Buprenorphine produces respiratory depression by direct action on brainstem respiratory centers. The mechanism of respiratory depression involves a reduction in the responsiveness of the brainstem respiratory centers to increases in carbon dioxide tension, and to electrical stimulation.

Buprenorphine causes miosis, even in total darkness, and little tolerance develops to this effect. Pinpoint pupils are a sign of opioid overdose but are not pathognomonic (e.g., pontine lesions of hemorrhagic or ischemic origins may produce similar findings). Marked mydriasis rather than miosis may be seen with worsening hypoxia in the setting of buprenorphine overdose.

Effects on the Gastrointestinal Tract and Other Smooth Muscle
Gastric, biliary, and pancreatic secretions are decreased by buprenorphine. Buprenorphine causes a reduction in motility associated with an increase in tone in the antrum of the stomach and duodenum. Digestion of food in the small intestine is delayed and propulsive contractions are decreased. Propulsive peristaltic waves in the colon are decreased, while tone is increased to the point of spasm. The end result is constipation. Buprenorphine can cause a marked increase in biliary tract pressure as a result of spasm of the sphincter of Oddi.

Effects on the Cardiovascular System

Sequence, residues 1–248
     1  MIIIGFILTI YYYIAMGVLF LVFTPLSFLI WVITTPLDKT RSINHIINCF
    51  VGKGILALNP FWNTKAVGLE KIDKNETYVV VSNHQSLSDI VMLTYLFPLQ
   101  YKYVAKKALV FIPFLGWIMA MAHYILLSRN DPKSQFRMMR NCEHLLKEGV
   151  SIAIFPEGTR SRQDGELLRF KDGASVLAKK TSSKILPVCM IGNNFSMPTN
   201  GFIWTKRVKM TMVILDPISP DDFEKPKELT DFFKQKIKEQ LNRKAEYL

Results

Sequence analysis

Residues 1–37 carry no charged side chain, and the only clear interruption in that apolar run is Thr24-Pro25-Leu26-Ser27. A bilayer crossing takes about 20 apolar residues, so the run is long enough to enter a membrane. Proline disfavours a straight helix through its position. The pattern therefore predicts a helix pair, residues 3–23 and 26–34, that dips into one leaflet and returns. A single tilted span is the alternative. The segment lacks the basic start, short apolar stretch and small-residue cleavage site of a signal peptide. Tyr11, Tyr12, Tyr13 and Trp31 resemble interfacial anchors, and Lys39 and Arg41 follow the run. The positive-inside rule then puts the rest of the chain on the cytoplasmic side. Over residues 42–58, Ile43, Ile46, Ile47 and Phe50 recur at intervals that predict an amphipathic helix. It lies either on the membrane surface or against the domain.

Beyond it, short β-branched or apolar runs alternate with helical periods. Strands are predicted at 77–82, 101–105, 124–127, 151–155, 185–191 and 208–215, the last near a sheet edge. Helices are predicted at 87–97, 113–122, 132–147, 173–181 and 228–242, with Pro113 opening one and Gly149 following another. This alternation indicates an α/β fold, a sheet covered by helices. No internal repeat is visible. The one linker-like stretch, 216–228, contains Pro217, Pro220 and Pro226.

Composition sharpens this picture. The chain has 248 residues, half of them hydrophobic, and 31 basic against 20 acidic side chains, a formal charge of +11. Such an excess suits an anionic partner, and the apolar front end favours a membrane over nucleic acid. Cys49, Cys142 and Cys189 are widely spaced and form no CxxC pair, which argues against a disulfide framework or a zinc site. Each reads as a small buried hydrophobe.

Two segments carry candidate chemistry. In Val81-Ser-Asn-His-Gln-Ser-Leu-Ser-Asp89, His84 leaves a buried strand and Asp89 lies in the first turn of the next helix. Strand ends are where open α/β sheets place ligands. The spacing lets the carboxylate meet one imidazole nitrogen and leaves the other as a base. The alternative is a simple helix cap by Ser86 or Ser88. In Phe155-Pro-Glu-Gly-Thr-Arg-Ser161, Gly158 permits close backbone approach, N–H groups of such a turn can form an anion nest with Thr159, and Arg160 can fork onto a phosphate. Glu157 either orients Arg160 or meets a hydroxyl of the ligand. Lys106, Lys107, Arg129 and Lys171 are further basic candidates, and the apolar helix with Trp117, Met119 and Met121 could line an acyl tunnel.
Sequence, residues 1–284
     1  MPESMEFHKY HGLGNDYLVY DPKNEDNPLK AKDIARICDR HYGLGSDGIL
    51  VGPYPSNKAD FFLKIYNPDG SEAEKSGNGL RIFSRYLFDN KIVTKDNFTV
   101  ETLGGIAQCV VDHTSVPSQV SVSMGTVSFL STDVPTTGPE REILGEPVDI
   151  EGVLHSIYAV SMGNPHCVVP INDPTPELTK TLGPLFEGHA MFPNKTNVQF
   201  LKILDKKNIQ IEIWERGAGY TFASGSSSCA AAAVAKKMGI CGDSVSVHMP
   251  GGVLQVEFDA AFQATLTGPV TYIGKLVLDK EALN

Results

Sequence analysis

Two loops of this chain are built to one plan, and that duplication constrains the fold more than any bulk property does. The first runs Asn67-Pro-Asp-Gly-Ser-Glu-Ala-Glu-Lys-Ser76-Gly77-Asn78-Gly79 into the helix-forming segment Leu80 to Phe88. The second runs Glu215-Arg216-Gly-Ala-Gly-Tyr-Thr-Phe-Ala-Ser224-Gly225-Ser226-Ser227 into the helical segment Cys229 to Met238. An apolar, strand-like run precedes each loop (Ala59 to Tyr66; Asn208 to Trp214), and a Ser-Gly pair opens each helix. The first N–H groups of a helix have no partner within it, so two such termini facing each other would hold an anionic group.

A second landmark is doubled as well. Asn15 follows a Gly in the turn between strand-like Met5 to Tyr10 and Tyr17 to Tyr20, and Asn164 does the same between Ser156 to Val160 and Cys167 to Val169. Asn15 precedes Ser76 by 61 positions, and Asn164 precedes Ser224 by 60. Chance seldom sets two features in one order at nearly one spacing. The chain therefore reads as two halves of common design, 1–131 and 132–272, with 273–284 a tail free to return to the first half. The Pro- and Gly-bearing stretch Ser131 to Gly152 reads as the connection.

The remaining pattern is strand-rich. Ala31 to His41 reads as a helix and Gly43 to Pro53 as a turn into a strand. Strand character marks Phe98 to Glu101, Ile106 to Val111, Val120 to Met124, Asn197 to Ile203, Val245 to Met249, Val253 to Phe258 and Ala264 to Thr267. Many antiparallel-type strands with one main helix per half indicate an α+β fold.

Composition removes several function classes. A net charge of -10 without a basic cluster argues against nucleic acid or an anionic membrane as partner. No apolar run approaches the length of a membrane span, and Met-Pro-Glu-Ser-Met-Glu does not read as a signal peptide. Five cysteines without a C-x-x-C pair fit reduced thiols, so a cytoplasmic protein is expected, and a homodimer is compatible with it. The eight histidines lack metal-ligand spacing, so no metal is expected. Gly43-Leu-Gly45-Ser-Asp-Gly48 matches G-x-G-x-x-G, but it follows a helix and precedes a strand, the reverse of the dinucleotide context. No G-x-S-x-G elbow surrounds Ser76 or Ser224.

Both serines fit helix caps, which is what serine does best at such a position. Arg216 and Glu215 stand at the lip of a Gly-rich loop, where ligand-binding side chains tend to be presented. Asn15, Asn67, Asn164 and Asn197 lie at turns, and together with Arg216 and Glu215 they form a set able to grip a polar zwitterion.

Buprenorphine may cause a reduction in blood pressure.

Effects on Cardiac Electrophysiology
The effect of BUTRANS 10 mcg/hour and 2 x BUTRANS 20 mcg/hour on QTc interval was evaluated in a double-blind (BUTRANS vs. placebo), randomized, placebo and active-controlled (moxifloxacin 400 mg, open label), parallel-group, dose-escalating, single-dose study in 132 healthy male and female subjects aged 18 to 55 years. The dose escalation sequence for BUTRANS during the titration period was: BUTRANS 5 mcg/hour for 3 days, then BUTRANS 10 mcg/hour for 3 days, then BUTRANS 20 mcg/hour for 3 days, then 2 x BUTRANS 20 mcg/hour for 4 days. The QTc evaluation was performed during the third day of BUTRANS 10 mcg/hour and the fourth day of 2 x BUTRANS 20 mcg/hour when the plasma levels of buprenorphine were at steady state for the corresponding doses [see Warnings and Precautions ].

There was no clinically meaningful effect on mean QTc with a BUTRANS dose of 10 mcg/hour. A BUTRANS dose of 40 mcg/hour (given as two 20 mcg/hour BUTRANS Transdermal Systems) prolonged mean QTc by a maximum of 9.2 (90% CI: 5.2-13.3) msec across the 13 assessment time points.

Effects on the Endocrine System
Opioids inhibit the secretion of ACTH, cortisol, and luteinizing hormone (LH) in humans. They also stimulate prolactin, growth hormone (GH) secretion, and pancreatic secretion of insulin and glucagon.

Effects on the Immune System
Opioids have been shown to have a variety of effects on components of the immune system in in vitro and animal models. The clinical significance of these findings is unknown. Overall, the effects of opioids appear to be modestly immunosuppressive.